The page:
Eton is a beautiful bay, showing great power all over. He is a son of Castor and Lady Walmsley, and grandson to Musket and Mersey. His dam. Lady Walmsley, is own sister to the renowned Carbine, winner of thirty-three races out of forty-three starts. Eton is the only descendant of this family in the Colony, and merits the attention of all
Mr, Leonard Marshall's “Eton.“

Mr, Leonard Marshall's “Eton.“

page 521 breeders. His stock are full of promise, size, and quality. Eton has proved his good racing qualities by winning eight races against strong fields.
Group of Brood Mares. Property of Mr. Marshall

Group of Brood Mares. Property of Mr. Marshall

Coronet is strikingly a beautifully shaped animal, and was got by Castor from Necklace; by Musket from Locket, by Thunderbolt from Keep Sake, by Daniel O'Rorke. He has made capital performances, winning, amongst other races, the Takapuna Cup (one mile and a half), Auckland Racing Club Summer Cup (one mile and three-quarters), Egmont Cup (one mile and three-quarters) twice, and the Taranaki Cup (one mile and a half). Coronet must be counted a valuable addition to the list of thoroughbreds in New Zealand. With three such high-bred sires, mated with some of the most aristocratic mares, the progeny must add to the reputation of their distinguished ancestors.

The following are some of Mr. Marshall's mares, with their pedigrees:—

Windmill, a handsome chestnut mare (bred by Mr. F. S. Reynolds, New South Wales), by Goldsbrough out of Merry-go-Round, by Hamlet from Whirlpool, by Fitzroland. In 1899 Windmill threw a chestnut colt by Gossoon, and in 1900 a bay colt by Cyrenian; both are very handsome, promising looking animals, and take after their respective sires.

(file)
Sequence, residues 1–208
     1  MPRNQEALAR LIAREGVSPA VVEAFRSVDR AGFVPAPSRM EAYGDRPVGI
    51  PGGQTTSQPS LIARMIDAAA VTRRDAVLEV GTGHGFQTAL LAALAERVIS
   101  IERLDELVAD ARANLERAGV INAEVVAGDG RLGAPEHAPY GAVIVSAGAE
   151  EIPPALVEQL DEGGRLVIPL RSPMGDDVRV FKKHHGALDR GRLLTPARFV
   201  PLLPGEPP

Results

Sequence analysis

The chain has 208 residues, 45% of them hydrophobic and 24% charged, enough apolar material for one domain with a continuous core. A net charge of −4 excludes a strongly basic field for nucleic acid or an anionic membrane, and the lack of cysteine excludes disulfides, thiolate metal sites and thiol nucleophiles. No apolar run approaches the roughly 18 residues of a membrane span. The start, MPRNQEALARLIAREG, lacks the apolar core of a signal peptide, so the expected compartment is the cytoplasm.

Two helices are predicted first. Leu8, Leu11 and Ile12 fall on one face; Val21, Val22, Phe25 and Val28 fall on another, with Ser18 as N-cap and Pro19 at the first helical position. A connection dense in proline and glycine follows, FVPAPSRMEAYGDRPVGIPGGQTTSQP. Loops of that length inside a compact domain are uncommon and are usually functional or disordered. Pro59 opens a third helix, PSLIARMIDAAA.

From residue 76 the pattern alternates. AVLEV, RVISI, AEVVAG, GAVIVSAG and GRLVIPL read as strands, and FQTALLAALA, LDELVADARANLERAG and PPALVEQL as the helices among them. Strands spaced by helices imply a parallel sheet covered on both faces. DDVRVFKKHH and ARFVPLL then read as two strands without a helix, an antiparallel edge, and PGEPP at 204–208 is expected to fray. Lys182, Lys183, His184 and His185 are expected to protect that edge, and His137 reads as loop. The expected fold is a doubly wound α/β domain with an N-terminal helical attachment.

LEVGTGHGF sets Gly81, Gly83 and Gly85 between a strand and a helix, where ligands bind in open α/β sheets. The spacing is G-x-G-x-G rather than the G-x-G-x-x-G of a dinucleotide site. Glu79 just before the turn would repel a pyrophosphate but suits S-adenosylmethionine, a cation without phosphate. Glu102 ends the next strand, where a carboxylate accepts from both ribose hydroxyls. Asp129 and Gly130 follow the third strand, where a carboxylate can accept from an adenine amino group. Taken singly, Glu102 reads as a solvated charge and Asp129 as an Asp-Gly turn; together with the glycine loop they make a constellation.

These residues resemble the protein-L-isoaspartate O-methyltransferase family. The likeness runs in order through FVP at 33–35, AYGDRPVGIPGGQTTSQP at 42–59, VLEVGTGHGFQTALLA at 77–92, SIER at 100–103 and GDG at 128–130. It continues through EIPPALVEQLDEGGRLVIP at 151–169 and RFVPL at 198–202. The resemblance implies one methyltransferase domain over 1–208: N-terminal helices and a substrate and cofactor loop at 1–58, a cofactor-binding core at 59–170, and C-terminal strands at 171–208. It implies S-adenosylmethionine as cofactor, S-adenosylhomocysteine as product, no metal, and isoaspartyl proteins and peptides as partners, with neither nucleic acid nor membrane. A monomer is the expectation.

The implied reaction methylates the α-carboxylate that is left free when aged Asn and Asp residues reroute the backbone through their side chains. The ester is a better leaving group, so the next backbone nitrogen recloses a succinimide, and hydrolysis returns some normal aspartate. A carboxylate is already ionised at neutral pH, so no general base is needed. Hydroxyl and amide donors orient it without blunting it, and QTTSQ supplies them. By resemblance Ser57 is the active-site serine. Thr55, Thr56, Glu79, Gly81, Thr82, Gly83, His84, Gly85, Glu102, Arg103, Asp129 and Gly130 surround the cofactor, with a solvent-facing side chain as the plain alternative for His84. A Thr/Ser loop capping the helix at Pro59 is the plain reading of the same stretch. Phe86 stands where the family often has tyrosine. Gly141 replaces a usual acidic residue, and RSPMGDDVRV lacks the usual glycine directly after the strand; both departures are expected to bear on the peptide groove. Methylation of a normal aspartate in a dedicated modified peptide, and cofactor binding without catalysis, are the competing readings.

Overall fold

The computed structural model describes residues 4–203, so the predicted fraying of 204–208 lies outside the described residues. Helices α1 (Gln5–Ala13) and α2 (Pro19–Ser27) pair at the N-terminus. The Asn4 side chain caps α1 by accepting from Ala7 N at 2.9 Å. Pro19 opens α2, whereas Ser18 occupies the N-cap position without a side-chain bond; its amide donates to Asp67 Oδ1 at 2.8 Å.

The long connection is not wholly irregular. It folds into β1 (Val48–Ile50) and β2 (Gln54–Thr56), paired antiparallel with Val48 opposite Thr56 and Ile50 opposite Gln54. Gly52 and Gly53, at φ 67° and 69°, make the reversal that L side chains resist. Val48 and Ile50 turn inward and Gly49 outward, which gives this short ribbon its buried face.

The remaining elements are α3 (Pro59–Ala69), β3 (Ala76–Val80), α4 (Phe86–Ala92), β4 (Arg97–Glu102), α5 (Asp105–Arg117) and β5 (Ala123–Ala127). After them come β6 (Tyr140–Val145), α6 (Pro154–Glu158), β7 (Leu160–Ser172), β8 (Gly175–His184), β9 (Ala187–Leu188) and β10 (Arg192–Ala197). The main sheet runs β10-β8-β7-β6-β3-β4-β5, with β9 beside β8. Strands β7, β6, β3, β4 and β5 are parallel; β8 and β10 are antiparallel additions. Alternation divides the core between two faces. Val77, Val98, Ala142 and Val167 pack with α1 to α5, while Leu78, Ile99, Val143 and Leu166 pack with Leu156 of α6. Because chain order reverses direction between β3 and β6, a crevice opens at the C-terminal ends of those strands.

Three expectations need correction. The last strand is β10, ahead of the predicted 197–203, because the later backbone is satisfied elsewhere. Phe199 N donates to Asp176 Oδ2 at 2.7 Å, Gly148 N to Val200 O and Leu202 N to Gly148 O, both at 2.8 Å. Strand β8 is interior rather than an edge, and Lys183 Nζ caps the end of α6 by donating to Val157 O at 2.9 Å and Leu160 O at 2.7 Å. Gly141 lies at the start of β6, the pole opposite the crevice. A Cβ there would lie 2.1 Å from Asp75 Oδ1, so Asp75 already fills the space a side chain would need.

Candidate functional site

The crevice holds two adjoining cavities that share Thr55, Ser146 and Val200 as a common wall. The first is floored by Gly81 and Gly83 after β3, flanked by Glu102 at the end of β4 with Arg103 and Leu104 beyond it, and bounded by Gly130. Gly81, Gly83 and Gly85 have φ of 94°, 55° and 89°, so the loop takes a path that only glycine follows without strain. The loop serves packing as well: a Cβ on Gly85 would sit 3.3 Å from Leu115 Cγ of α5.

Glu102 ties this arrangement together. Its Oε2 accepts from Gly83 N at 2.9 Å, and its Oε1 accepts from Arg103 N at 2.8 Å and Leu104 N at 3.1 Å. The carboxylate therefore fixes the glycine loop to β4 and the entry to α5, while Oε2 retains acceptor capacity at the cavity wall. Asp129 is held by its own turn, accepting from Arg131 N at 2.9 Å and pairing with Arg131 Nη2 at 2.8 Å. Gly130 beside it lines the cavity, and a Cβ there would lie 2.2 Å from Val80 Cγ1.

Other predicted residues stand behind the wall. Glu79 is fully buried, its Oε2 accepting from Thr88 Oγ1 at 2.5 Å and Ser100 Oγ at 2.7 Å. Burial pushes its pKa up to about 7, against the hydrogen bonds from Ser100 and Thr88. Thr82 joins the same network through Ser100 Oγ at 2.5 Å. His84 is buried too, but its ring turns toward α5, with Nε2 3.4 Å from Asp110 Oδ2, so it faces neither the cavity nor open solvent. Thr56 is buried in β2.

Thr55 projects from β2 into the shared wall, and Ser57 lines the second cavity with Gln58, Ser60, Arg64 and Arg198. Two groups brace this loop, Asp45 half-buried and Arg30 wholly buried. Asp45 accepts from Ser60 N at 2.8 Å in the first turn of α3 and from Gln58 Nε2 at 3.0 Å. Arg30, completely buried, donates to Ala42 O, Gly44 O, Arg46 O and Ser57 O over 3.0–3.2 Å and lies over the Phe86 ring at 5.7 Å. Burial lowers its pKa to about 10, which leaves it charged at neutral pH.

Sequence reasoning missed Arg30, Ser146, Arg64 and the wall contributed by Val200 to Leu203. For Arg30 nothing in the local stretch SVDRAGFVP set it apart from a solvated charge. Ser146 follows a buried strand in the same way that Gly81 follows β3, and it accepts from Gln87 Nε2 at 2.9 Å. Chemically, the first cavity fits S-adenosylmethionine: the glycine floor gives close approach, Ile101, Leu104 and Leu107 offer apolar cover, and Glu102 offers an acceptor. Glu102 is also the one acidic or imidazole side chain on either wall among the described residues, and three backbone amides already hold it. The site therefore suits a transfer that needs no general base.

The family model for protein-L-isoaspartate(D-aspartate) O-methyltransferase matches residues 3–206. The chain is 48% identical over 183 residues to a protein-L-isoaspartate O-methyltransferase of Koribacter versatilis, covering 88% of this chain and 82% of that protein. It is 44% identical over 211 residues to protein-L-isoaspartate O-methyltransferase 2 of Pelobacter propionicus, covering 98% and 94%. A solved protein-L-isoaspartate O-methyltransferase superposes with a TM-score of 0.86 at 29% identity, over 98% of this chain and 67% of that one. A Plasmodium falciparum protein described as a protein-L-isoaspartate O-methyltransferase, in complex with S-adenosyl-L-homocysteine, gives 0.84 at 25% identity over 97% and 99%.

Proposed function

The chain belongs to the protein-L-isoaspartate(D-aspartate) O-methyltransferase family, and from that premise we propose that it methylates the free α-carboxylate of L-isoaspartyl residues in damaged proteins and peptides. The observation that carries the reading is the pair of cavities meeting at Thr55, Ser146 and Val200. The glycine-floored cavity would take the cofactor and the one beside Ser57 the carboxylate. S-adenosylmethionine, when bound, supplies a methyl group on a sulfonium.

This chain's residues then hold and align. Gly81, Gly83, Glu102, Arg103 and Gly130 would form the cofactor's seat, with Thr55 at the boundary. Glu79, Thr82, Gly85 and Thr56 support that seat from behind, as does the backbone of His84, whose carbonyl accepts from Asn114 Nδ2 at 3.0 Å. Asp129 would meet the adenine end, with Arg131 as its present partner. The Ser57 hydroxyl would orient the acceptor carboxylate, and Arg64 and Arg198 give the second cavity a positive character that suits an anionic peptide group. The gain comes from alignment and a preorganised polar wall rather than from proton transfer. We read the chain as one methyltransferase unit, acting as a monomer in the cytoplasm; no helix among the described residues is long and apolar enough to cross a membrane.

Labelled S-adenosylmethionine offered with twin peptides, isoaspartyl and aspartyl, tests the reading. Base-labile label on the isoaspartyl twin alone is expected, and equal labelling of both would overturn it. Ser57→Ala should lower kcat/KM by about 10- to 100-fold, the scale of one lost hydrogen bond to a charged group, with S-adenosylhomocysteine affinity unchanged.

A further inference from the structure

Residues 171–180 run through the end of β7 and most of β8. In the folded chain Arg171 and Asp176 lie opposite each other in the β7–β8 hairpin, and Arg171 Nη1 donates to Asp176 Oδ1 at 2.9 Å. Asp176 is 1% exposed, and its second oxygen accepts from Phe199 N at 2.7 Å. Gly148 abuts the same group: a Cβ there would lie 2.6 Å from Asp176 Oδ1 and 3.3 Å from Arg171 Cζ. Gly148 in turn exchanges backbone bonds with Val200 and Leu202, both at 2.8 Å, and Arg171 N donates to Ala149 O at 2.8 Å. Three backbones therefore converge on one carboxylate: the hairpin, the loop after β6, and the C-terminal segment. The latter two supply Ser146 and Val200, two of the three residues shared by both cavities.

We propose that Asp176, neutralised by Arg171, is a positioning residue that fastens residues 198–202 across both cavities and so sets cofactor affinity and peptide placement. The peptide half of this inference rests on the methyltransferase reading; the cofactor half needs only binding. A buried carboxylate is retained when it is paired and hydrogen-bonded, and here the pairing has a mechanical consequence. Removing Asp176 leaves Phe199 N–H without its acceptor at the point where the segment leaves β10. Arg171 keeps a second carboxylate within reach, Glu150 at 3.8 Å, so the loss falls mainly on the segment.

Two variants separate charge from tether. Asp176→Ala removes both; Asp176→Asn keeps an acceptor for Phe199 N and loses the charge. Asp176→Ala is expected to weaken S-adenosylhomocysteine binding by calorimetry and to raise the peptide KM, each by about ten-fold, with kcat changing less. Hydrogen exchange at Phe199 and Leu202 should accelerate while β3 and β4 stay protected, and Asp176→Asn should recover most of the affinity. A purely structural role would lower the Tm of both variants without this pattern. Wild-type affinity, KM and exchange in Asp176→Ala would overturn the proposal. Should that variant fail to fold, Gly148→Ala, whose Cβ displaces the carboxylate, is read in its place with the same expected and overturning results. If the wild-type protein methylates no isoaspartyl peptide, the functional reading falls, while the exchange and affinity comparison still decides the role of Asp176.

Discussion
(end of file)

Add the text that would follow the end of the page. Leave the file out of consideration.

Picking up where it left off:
Pit-a-Pat, a bay mare (bred by Mr. E. D. Mestre, New South Wales), by Rupert; her dam, Footprint, by Robinson Crusoe; Balkis, by Chieftain; Lauristina, by Scratch; Latona, by Skeleton; Miss Lane (imp.), by Rector.

Hinemoa, a bay mare (bred in 1896 by Sir Thomas Elder), by Gang Forward; her dam Primula (got in England, but foaled in New South Wales), by Merry Hampton; Paigle (imp.), by Springfield, Lilian, by Wingrave.

Kitty Flynn, a chestnut mare, by Trident; her dam Alcestis, by The Drummer; Arawata, by Chevalier; Queen of Sheba, by St. Giles (son of Sir Hercules); Queen of Beauty, by Dover; Tossina, by Toss; Penelope (imp.), by Phantom. In 1900 Kitty Flynn threw a bay filly to Eton.

Silk, a bay mare (bred by the Hon. J. Eales, New South Wales), by Grandmaster; her dam, Chrysophrase, by Rapid Bay; Chrysolite (imp.), by Stackwell.

Irma, brown mare (bred by Sir Thomas Elder), by Neckersgat; her dam, Perhaps, by Gang Forward; Peradventure, by Adventurer. In 1899 she threw a bay filly, Cygnet, by Cydnus.

Matakanui, a brown mare (bred by Mr. F. S. Reynolds, New South Wales, in 1895), by Churchill; her dam, Ruby, by Bras de Fer; Ruby, by Angler; Sandfly, by Fireworks; The Fly, by Fisherman; Marchioness (imp.), by Melbourne.

The nine mares purchased by Mr. Marshall at the Tocal sale are of the best blood, from sire and dam, in the Australasian colonies. They are a handsome and choice lot, showing breeding in every point, and they constitute a most valuable addition to a stud previously enriched from some of the choicest strains in the Southern Hemisphere.

Mr. Leonard Marshall's “Coronet.”

Mr. Leonard Marshall's “Coronet.”